By Nicole Webb
LINCOLN UNIVERSITY—The Lincoln University’s Center of Excellence in Mass Communications recently revised its existing department curriculum with hopes of enhancing its students’ media literacy and understanding of digital media convergence.
On January 10, 2014, the revision of the department’s curriculum was completed by the department’s chair, Carmen Manning-Miller, along with the department’s faculty Kenneth Nagelberg, Nicole Files-Thompson, Jamila Cupid, and Cheryl Renee Gooch.
“The marketplace has changed. Media has changed and our current curriculum is an archaic way of viewing and producing mass media product,” stated Manning-Miller, the department’s chair. “All media has converged and the industry is now digitally dependent.”
The purpose of the new revisions to the department curriculum is to prepare students for the ever changing and transitioning times of the industry as technology continues to advance.
“We want to produce the best of the best out there. Granted the graduating seniors will not get the chance to reap the benefits of the new revisions, but the incoming class will definitely be able to experience it,” stated Nicole Files-Thompson, an assistant professor in the department.
University faculty members approved of the new Mass Communications curriculum’s revisions at the university’s faculty meeting March 4.
“I think this new program will also, [in addition to the new liberal studies program], be another innovative way that we can use academics as a recruiting asset,” stated Dr. Robert Millette, chair of the Educational Policies Committee.
Currently, the department is structured so that students can receive either a Bachelor of Arts and/or a Bachelor of Science degree in Print and/or Broadcast Journalism, with some experience in public relations and marketing and advertising.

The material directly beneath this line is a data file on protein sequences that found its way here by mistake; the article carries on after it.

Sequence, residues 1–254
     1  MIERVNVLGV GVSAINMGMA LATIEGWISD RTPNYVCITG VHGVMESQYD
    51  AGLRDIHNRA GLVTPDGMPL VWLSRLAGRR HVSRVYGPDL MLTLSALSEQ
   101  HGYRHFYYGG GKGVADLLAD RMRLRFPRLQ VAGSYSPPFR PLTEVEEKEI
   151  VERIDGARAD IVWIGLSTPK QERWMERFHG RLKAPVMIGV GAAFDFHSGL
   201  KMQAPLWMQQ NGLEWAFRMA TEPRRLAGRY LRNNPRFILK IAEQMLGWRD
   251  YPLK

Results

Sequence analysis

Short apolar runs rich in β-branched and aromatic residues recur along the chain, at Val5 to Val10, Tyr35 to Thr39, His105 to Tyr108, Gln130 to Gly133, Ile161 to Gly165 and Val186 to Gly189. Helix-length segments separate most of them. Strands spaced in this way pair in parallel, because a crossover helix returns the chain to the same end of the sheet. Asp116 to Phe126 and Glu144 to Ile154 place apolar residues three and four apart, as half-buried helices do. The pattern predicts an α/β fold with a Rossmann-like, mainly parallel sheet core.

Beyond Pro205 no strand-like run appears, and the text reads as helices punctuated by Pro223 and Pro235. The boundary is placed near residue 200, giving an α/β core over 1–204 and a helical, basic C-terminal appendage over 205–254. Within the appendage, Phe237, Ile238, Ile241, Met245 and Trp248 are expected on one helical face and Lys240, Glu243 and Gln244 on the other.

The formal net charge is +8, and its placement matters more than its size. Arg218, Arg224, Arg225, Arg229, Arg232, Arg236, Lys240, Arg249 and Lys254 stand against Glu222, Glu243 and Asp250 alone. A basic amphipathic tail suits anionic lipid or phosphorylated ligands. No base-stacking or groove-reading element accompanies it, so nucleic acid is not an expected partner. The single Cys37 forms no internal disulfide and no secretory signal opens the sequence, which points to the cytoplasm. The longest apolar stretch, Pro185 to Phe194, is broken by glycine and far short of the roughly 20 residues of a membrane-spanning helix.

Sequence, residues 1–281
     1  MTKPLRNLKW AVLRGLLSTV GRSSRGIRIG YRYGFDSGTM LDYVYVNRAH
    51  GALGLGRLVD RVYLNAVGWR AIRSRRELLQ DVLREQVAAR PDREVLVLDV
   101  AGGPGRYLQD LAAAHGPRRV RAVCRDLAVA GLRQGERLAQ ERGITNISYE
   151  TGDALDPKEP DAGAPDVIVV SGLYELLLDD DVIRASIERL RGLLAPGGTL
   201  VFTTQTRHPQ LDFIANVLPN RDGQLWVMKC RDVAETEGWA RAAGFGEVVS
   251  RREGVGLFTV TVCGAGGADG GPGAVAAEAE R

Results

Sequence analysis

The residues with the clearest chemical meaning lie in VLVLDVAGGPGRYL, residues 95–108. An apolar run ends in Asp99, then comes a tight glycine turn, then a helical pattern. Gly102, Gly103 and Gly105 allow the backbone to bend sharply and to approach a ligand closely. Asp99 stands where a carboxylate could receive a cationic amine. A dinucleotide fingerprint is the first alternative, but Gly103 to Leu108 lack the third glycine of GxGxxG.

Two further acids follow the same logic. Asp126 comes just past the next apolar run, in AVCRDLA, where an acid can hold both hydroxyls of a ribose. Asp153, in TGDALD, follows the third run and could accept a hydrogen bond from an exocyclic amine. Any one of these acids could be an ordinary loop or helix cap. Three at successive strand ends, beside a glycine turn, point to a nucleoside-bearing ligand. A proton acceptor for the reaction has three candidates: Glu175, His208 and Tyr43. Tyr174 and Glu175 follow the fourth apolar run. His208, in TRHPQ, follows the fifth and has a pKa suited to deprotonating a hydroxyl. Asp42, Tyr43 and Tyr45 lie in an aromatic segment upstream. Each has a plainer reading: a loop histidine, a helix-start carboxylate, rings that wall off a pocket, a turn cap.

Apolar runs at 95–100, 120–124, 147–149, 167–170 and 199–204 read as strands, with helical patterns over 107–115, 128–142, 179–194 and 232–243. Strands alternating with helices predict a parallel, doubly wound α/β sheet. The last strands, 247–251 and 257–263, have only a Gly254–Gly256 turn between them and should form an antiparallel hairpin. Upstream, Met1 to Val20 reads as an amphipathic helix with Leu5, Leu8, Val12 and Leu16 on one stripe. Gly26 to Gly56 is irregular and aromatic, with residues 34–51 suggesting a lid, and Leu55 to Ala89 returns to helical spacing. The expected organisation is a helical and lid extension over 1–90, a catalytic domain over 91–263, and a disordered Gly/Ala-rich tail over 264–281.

The new curriculum, however, will include two new tracks: digital communication and strategic communication. The new tracks will include 11 existing courses offered through the department and 8 new courses, along with 15 collective electives, some currently existing.
“The strategic aspect of the new tracks will more so focus on the public relations and campaigning aspects of the industry while the digital communication will more so deal with the production side of things,” state Manning-Miller.
Existing students of the department stated the recent revisions are “a long time coming.”
“We’ve waited a long time for this,” stated graduating senior London McAuley. “I wish I would’ve been here to reap the benefits of the recent curriculum changes, but I think it will help bring us to where we need to be.”
“ I think that it’s great. I want to go into public relations and now that it’s somewhat being incorporated heavily as a part of the curriculum I believe will attract more students,” said current junior Brandi Wardlow.
The department seeks to continue to work with its existing faculty members, but if monetary funding becomes available, the department will take the steps necessary to hire additional qualified faculty members.
“We hope to get more faculty members, but how quickly we grow is an economic consideration,” stated Manning-Miller.
The department is currently seeking accreditation from the Accrediting Council on Education in Journalism and Mass Communications, ACEJMC accreditation. The revisions for the new curriculum were considered carefully to assure that the department’s new program would meet the standards of the accrediting organization, which currently accredits existing HBCUs Howard University, Hampton University and Florida A&M University.
The university Board of Trustees is currently reviewing the revisions for the new curriculum. The new program will be put into full affect in the Fall semester of the 2014-2015 academic school year, with equivalent courses being offered to current seniors and juniors to assure accurate graduation schedule.